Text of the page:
In just a few weeks’ time, The Wreckage will be available in bookstores across the nation. Start reading the book that Booklist called (in a starred review), “Fine and ambitious with characters who are wonderfully human–smart, determined, decent, and flawed. Thoroughly compelling.”
Sunshine crashes through the lace curtains. Ruiz opens one eye. The ceiling comes into focus, dead moths in the domed light fitting. His right nostril is grouted closed. His mouth tastes like a small animal has crawled inside and died.
Rolling on to his knees, he groans and feels his stomach lurch and gurgle. The rug has a pattern. He hasn’t noticed it before. Perhaps he’s forgotten. Another convulsion and he stumbles to the toilet, holding on to the side of the bowl.
His stomach empty, he sits against the tiled wall. Shaking. Sweating.
The events of last night—the girl, the trip home, the bottle of wine—what’s the last thing he remembers? She put a pillow beneath his head. She said she was sorry. What did she slip him?
Rinsing his mouth out under the tap, he scoops water on to his face, eyes stinging, the cold working. Looking in the mirror, he blinks through bloodshot eyes. The foul taste is in his mouth, the toxins in his system. The smell of urine in his hair, on his clothes… Someone pissed on him. The boyfriend wanted some payback.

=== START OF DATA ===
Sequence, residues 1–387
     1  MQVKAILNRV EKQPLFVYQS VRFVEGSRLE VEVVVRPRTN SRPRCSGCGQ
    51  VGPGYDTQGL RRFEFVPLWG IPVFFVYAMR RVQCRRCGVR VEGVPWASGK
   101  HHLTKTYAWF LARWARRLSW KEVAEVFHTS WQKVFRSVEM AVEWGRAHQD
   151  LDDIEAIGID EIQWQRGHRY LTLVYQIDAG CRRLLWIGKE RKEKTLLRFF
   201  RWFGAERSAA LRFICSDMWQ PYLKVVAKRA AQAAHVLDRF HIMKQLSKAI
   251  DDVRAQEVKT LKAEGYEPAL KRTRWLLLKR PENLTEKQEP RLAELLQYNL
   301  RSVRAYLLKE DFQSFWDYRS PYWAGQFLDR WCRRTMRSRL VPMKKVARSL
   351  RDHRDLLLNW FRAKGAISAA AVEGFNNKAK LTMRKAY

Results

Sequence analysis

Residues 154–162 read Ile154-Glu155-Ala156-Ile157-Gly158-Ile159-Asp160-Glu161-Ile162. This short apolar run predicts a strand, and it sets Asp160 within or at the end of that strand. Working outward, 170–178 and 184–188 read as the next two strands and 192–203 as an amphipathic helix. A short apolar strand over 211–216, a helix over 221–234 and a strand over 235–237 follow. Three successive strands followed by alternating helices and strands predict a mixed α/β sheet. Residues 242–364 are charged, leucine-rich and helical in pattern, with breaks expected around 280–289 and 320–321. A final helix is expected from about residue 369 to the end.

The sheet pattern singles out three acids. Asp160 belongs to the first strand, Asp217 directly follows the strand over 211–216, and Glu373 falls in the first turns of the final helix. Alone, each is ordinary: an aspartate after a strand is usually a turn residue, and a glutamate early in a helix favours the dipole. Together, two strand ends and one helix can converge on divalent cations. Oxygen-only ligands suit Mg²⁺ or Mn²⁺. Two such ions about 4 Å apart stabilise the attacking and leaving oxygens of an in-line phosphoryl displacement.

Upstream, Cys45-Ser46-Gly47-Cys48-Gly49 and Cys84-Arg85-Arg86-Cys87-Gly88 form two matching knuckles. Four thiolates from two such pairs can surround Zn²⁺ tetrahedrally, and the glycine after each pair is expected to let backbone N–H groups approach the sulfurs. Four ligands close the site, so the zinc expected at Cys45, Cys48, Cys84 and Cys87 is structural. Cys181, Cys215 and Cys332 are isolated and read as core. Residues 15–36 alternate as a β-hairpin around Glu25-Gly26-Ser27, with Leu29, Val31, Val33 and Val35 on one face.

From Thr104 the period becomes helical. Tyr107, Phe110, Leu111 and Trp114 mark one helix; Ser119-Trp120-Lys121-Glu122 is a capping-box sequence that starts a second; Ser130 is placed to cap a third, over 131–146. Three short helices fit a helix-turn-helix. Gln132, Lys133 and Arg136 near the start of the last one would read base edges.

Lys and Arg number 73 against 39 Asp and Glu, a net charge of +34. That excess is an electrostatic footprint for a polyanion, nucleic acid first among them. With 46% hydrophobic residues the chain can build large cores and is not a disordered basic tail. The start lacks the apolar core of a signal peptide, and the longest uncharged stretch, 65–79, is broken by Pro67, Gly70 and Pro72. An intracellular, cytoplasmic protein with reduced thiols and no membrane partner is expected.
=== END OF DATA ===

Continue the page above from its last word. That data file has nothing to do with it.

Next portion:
He walks up the stairs. Drawers have been pulled out, up-ended, searched. The contents lie on the floor.
What’s missing? His camera, a police medal, an iPod Claire gave him (still in its box), some euros, his passport… He flicks through his checkbook. Two blank checks are torn from the middle. They were clever. Practiced.
He should make a list. Not touch anything. Call the police. Then what? They’ll send a car out sometime in the next two days. He’ll have to make a statement. He can hear them laughing already. The jokes. The ribbing. Detective Inspector Vincent Ruiz, taken in by a girl he invited home. They’ll suspect she was a hooker or a call girl. Ruiz is paying for sex now, they’ll say, like some sad old pervert.
Another thought occurs to him. He climbs the stairs to the study. The desk has been swept clean. The pages of the manuscript are scattered on the floor. He didn’t number them.
The drawers have been forced open. One of them had been swollen shut for twenty years. Ruiz remembers what it contained—Laura’s jewelry, her engagement ring and an antique hair-comb that had been passed down through her family. When Laura knew she was dying, when disease swam in her veins and grew in her chest, she wrote a series of letters to the twins—to be opened when they turned eighteen, or when they married, or when they had children of their own…